Causes of diarrhoea
This page tells you about the causes of diarrhoea due to cancer or its treatment. You can find information on the following possible causes
All cancer treatments have side effects. Diarrhoea can be a side effect of
A combination of these treatments can cause more severe diarrhoea.
Some chemotherapy drugs irritate the lining of your digestive system so diarrhoea can be a common side effect of chemotherapy. It usually comes on in the first few days after each treatment.
With some chemotherapy drugs, diarrhoea can be quite severe. Your doctor or nurse will let you know if the drugs you are having will cause diarrhoea. If you have bad diarrhoea, remember that you can easily become dehydrated. So try to drink plenty of water.
If you cannot drink enough, or you think you are losing more fluid in diarrhoea than you can replace by drinking, you must see your doctor or chemotherapy nurse.
If you have diarrhoea after chemotherapy, tell your doctor or chemotherapy nurse. With your next chemotherapy treatment, they can give you tablets to reduce the diarrhoea.
You may also want to ask about soothing creams to apply around your anus. The skin in this area can become very sore and even broken with severe diarrhoea.
Diarrhoea is quite a common side effect of having radiotherapy to the pelvic area or back passage (rectum). But radiotherapy affects people in different ways, so it's difficult to predict exactly how you will react. You may also have
- Stomach cramps
- A lot of wind (gas, flatulence)
Diarrhoea should disappear after a few days, but it can continue for some weeks after your treatment finishes. Apart from being unpleasant, diarrhoea can also make you feel weak and tired. So it’s important to drink plenty of fluids. Otherwise, you can easily get dehydrated.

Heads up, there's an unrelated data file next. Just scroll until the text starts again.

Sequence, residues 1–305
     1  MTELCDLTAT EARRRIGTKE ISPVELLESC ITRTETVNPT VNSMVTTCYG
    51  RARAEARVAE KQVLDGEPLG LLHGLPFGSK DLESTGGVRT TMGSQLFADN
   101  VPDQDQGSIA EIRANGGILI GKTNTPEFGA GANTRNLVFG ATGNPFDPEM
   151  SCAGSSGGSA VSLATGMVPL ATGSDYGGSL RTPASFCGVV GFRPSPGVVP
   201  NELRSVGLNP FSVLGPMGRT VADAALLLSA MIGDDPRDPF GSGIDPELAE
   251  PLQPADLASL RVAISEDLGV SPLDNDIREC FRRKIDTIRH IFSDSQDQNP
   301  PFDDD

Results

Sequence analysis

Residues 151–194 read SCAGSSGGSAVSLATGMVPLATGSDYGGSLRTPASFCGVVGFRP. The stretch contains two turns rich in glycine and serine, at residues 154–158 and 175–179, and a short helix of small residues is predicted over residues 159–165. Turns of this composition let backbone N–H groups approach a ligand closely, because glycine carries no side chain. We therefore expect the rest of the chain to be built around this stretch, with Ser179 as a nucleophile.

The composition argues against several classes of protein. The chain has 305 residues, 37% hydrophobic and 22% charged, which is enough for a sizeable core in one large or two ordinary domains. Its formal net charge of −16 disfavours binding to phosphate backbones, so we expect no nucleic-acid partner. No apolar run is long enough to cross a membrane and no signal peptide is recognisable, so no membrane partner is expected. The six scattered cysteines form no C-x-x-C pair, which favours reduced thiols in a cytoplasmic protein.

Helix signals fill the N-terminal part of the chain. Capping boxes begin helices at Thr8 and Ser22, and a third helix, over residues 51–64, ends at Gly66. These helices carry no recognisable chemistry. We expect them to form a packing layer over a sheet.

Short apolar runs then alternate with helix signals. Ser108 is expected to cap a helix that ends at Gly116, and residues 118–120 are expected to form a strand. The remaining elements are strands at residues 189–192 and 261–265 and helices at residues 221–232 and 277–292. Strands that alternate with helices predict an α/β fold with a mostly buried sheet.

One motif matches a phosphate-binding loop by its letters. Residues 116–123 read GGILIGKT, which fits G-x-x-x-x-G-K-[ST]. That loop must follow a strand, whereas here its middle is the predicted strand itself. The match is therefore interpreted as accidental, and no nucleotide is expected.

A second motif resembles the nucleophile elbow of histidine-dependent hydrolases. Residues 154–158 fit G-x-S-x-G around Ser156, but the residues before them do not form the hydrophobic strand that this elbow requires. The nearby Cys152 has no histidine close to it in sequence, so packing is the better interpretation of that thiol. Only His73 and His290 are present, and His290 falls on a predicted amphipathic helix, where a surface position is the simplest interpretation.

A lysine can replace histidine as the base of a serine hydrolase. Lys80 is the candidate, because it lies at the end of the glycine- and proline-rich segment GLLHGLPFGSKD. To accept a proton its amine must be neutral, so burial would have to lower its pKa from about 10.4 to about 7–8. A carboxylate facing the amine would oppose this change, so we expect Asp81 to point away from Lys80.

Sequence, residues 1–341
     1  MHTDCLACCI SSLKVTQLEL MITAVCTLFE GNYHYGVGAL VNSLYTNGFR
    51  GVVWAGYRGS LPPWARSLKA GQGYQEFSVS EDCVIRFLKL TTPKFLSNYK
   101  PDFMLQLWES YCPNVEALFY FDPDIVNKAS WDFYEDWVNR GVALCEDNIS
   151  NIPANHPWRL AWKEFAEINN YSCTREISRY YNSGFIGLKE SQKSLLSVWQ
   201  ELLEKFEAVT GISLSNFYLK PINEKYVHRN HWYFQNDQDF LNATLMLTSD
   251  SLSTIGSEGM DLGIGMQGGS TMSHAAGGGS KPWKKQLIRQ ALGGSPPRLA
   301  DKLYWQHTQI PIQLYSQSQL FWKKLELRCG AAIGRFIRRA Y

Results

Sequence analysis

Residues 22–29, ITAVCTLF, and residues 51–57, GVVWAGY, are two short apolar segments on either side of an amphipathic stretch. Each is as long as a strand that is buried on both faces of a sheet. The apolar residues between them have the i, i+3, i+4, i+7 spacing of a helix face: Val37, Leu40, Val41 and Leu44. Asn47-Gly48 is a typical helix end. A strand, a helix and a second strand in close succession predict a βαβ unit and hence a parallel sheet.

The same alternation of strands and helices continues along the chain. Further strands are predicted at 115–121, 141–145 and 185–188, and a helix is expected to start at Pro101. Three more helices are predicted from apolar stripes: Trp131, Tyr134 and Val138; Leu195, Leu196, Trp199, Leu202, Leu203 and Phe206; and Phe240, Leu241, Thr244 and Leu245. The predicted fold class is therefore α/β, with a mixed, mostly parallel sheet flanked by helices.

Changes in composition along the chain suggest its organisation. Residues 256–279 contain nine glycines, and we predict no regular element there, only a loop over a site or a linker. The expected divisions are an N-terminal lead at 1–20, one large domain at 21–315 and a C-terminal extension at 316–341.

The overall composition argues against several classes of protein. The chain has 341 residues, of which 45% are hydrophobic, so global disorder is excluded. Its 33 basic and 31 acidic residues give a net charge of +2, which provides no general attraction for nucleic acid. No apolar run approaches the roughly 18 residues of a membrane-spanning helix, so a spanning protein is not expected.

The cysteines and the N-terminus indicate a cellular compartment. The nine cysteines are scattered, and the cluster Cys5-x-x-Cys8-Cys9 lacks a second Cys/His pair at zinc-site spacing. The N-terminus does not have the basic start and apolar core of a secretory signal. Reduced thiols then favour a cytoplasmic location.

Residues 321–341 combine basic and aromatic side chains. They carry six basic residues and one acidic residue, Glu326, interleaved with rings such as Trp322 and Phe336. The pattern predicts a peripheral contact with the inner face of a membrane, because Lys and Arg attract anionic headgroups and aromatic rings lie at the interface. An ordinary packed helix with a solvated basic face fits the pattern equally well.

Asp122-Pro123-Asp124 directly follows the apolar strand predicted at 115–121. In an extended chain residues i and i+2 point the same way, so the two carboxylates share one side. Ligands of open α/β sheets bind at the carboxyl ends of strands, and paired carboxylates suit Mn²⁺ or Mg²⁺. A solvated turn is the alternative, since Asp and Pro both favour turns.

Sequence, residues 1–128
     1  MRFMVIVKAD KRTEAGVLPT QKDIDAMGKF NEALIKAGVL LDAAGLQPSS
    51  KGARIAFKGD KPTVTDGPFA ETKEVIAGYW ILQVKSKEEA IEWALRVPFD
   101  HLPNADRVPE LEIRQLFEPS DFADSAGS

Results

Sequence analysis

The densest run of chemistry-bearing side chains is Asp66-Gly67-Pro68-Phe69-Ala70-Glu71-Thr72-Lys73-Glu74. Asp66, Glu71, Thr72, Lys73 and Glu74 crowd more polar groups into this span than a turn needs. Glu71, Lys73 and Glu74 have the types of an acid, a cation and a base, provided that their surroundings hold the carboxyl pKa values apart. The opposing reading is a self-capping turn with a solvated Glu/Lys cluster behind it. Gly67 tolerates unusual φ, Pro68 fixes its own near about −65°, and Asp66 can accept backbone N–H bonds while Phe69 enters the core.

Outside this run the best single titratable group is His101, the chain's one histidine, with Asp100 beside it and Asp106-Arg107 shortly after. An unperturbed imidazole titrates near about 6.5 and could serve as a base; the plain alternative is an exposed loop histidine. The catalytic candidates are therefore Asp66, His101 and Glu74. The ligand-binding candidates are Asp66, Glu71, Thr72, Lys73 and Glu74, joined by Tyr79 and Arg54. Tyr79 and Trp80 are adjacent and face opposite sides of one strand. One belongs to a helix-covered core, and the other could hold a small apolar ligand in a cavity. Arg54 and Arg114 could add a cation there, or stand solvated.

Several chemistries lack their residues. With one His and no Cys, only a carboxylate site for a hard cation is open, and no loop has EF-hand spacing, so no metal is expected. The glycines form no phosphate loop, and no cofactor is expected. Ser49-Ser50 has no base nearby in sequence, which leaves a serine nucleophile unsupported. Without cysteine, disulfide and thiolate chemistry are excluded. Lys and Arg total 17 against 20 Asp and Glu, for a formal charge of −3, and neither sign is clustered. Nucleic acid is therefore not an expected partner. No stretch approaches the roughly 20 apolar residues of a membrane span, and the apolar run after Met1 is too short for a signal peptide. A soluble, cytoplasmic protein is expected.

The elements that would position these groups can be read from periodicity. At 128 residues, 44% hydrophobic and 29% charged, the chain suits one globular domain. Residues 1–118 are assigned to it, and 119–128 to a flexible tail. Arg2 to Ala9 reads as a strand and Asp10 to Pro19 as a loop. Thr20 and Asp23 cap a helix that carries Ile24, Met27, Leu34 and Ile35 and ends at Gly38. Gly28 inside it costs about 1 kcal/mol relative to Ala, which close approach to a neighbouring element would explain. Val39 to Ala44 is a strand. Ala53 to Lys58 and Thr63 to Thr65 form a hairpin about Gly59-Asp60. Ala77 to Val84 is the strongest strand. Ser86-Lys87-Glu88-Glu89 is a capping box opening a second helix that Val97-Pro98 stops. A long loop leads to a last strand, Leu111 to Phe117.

Remember that you need to contact the radiotherapy department, or your doctor or nurse, if your diarrhoea doesn't seem to be getting better. You may need anti diarrhoea drugs. Or you may just need advice about making changes to your diet or drinking more.
The severity of your diarrhoea depends on the particular drug, and the dose, you are having. Let your doctor or nurse know if you have diarrhoea. They will be happy to give you advice or treatment to help manage your diarrhoea.
Sometimes, surgery to your stomach, surgery to your gallbladder or surgery to your bowel or rectum can cause diarrhoea. This may only be a short term problem. But sometimes it can continue for weeks or months after your surgery.
Your doctor should discuss this with you before your operation. Managing long term diarrhoea can be difficult but there are ways of treating it.
Some types of cancer, such as bowel cancer, are more likely to cause diarrhoea than others. And some cancers can produce hormones and chemicals that cause diarrhoea. Doctors call this paraneoplastic syndrome.
If you have a very advanced cancer then diarrhoea caused by the cancer itself may be more of a problem. Depending on the cause, your doctor or nurse may be able to prescribe treatment to help control it.
Diarrhoea can be a side effect of many types of drugs. These include
- Some types of antibiotics
- Drugs given to treat constipation (laxatives)
- Medicines that contain magnesium, such as some antacid medicines
- Some anti sickness drugs such as metoclopramide (Maxalon)
If you think you have diarrhoea because of medicines you are taking, let your doctor or nurse know. They will be happy to help with advice or treatment.
Some herbal medicines can cause diarrhoea. These include
- Milk thistle
- Saw palmetto
We have only mentioned a few herbal supplements that may cause diarrhoea. There are many more, so do ask your doctor’s advice before taking any herbal supplements.
Remember that herbal products aren't necessarily all safe to take. Although they are natural products and you can buy them over the counter at a health shop, some may interfere with your cancer treatment. So it is very important to let your doctor know if you are taking any herbal medicine when you have cancer.
Question about cancer? Contact our information nurse team